The Icelandic Language
Icelandic, the official language of Iceland, is an Indo-European language of the North Germanic languages. The language is closely related to Faroese and Norwegian with minor differences resulting from Celtic influence in the ancient Icelandic literature. Iceland as a country is isolated and exhibits linguistic homogeny. It has never had several languages. In the past, Gaelic was the native language of the early Icelanders. Icelandic is not only the national identity of Icelanders but also the official language of the country as adopted but their constitution in 2011. Besides, Icelandic sign language, as of 2011, is the official minority language.
Origin of Icelandic
The Icelandic language is part of the Germanic languages. This North German subgroup had five languages Norwegian, Faroese, the extinct language of Norn, Greenlandic Norse, and Icelandic. However, Icelandic is more similar to Faroese than Norwegian, and the Faroese written form resemble Icelandic.
Icelandic is quite an insular language such that other languages have not influenced it. The language had hardly changed from the 9th and 10th century when Iceland was settled. Norwegian was similar to Icelandic but from the 14th century, it became increasingly influenced by neighboring languages like Swedish and Danish. The Language resistance to change is so exclusive that today's speakers can understand texts and scripts like Sagas from the 12th century.
In the 18th century, the Danish influence almost threatened the integrity of the language. Under the Danish rule, Danish became a minority language in the country. However, Icelanders propelled past the threat by continuing to use Icelandic for literary purposes. Other factors that contributed to Icelanders' victory over Danish were; the Icelanders were scattered all over. As much as the Danish-ruled Iceland, the country geographical remoteness discouraged any long time settling of the Danish and the Danish language is linguistically different from Icelandic.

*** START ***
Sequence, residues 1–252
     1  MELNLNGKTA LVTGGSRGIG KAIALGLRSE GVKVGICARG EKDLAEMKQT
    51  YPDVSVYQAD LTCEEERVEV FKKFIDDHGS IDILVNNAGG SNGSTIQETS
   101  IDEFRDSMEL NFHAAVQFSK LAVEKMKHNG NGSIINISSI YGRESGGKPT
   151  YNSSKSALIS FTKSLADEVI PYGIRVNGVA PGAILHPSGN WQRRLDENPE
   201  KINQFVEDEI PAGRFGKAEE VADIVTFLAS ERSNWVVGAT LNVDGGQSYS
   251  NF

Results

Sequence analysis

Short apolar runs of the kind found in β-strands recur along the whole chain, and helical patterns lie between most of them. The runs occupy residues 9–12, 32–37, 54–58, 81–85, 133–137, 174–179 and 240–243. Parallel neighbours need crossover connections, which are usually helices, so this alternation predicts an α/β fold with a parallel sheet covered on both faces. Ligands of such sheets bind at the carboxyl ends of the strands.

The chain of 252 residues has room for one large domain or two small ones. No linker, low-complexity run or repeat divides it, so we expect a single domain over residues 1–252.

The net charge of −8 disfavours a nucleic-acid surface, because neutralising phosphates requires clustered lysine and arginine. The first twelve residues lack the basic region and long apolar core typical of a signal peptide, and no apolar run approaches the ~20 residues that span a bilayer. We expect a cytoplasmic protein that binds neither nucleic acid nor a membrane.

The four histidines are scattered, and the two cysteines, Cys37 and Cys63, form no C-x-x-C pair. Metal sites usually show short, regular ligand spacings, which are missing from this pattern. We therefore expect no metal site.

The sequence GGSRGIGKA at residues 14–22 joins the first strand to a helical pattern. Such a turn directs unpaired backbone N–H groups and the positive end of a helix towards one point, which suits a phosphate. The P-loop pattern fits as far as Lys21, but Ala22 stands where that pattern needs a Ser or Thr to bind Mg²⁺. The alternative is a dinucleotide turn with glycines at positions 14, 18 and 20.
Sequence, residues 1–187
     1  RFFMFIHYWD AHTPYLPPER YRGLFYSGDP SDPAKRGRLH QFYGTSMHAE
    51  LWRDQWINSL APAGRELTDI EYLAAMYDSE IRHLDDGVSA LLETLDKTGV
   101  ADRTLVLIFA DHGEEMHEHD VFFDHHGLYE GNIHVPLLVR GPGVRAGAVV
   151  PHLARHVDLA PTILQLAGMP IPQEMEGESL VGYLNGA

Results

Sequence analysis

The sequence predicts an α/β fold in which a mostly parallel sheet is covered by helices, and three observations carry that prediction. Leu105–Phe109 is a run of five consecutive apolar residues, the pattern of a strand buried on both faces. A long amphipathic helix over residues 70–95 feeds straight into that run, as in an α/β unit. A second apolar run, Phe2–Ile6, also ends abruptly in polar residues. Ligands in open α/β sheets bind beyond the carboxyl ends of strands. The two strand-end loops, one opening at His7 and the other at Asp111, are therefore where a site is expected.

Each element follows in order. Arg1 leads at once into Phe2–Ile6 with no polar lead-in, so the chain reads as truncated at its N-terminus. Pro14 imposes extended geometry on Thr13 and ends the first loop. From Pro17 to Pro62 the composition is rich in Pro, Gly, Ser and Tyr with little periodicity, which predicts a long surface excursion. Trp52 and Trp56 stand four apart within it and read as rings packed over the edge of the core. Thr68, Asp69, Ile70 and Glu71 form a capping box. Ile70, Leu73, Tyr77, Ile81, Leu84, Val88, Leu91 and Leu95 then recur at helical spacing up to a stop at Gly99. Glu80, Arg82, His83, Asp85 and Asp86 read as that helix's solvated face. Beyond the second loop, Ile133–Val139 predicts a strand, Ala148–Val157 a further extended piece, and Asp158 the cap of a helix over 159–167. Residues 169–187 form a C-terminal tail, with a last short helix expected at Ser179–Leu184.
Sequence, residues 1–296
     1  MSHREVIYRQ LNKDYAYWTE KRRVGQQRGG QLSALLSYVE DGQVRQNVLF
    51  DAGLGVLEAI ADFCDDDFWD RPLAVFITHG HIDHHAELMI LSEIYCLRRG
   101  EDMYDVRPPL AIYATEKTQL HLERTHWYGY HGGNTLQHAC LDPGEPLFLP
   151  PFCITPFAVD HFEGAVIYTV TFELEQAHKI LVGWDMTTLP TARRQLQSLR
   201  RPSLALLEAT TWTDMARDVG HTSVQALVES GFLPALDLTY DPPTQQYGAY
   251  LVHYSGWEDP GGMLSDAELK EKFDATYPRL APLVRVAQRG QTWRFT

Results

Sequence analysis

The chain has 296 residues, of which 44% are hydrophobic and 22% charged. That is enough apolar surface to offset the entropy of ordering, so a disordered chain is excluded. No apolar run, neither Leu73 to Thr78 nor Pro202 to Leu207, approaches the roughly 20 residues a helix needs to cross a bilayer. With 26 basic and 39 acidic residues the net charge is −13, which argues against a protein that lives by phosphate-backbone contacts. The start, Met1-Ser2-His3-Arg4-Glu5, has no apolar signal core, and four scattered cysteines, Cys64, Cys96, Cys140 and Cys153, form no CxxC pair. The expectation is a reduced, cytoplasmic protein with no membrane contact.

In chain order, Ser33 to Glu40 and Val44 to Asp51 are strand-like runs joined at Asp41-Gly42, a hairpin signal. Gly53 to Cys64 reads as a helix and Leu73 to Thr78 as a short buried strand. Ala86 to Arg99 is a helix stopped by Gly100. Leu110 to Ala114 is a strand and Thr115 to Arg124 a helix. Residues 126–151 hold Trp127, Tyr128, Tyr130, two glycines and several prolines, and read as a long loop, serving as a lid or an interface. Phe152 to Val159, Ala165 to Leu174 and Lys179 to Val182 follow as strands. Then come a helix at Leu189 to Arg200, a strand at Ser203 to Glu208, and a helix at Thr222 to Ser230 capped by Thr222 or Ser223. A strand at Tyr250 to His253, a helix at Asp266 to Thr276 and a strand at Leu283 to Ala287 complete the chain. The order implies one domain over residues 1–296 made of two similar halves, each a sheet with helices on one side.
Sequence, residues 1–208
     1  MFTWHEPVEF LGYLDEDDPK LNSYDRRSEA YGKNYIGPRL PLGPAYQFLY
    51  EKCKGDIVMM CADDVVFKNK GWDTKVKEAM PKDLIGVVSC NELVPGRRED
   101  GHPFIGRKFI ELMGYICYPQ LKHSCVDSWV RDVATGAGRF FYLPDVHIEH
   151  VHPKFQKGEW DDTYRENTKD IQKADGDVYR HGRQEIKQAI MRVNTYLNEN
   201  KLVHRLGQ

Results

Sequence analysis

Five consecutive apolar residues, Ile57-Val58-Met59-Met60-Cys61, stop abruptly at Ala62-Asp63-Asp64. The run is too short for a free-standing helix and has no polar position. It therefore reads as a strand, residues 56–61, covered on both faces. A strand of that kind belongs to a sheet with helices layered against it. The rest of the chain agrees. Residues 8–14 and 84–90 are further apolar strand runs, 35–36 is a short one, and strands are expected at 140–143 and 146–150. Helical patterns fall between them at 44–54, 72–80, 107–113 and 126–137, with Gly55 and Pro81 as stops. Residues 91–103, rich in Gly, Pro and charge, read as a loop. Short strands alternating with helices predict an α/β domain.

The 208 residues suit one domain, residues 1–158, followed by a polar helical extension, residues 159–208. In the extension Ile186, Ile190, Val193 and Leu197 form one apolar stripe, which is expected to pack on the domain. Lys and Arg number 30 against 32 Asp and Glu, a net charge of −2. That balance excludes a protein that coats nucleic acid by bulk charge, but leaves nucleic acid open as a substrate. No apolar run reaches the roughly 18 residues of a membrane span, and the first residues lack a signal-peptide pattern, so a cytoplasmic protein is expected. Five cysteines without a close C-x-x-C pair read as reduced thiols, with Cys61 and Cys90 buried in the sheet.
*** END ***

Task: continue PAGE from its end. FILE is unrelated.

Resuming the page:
Even when the Scandinavian languages across Europe were losing inflection, Icelandic maintained Old Scandinavian grammar to an almost authentic form. The native Bible further developed Icelandic. However, the language was restricted until in the 19th century when Iceland came together as a nation and Scandinavian scholars rediscovered it. A strict orthography along etymological lines was set and today, Icelandic is very different from other Scandinavian languages.
Regarding grammar, vocabulary, and orthography modern Icelandic has conserved the Scandinavian tongue in the best way possible. The language has retained its three genders: masculine, feminine, and neuter. The four cases for nouns; Accusative, dative, nominative, and genitive, still exist. Even though the language adopted some terms from Celtic, Latin, Danish, and Roma, the language purism of the 19th century has replaced foreign words with Icelandic forms. Icelanders opt to make new word rather than borrow from foreigners. For example "tolva," computer in Icelandic was conjured from two words "tala," meaning number and "Volva" a witch or fortune teller, so computer to Icelanders means a witch of figures "Islenska" coined in the 16th century describes Icelander's mother tongue.
Origin Of Foreign Languages Of Iceland
Icelandic has survived many centuries unchanged despite adopting some features from the Gaelic Language. The country retained a linguistic homogeny for a long time but with the advent of northern trade routes, the language environment was about to change. The traders, merchants, and clergymen introduced English, German, French, Dutch, and Basque in Iceland. Swedish and Danish are not actual foreign languages as since they are geographically positioned near Eastern Scandinavia.
Iceland has a population of about 332,529. Approximately 93.2% of that population speaks Icelandic. Despite language purism, Icelanders know the critical of international and foreign languages. As such English and any other Scandinavian language are compulsory in the Icelandic education system. Danish is standard due to its historical ties with Iceland and today 0.31% of the total population is Danish. English, the second choice is valued for its status as the international language. About 0.32% of the population speaks English. German is mostly the third language where 0.31% of the population converse in it. The local Polish community is the biggest minority in Iceland and as such 2.71% of people in Iceland speak Polish.